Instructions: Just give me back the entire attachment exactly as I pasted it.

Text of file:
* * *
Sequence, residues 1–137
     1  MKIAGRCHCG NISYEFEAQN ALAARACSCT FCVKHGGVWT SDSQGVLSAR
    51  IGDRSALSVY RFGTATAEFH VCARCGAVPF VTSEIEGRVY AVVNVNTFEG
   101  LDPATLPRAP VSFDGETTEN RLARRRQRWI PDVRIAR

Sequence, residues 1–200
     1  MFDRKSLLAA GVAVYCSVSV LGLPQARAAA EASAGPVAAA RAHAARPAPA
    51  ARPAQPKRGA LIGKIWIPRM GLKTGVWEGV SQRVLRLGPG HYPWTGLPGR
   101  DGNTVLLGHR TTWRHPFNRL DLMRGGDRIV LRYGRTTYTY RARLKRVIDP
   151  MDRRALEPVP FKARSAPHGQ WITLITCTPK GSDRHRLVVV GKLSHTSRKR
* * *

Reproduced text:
Sequence, residues 1–137
     1  MKIAGRCHCG NISYEFEAQN ALAARACSCT FCVKHGGVWT SDSQGVLSAR
    51  IGDRSALSVY RFGTATAEFH VCARCGAVPF VTSEIEGRVY AVVNVNTFEG
   101  LDPATLPRAP VSFDGETTEN RLARRRQRWI PDVRIAR

Sequence, residues 1–200
     1  MFDRKSLLAA GVAVYCSVSV LGLPQARAAA EASAGPVAAA RAHAARPAPA
    51  ARPAQPKRGA LIGKIWIPRM GLKTGVWEGV SQRVLRLGPG HYPWTGLPGR
   101  DGNTVLLGHR TTWRHPFNRL DLMRGGDRIV LRYGRTTYTY RARLKRVIDP
   151  MDRRALEPVP FKARSAPHGQ WITLITCTPK GSDRHRLVVV GKLSHTSRKR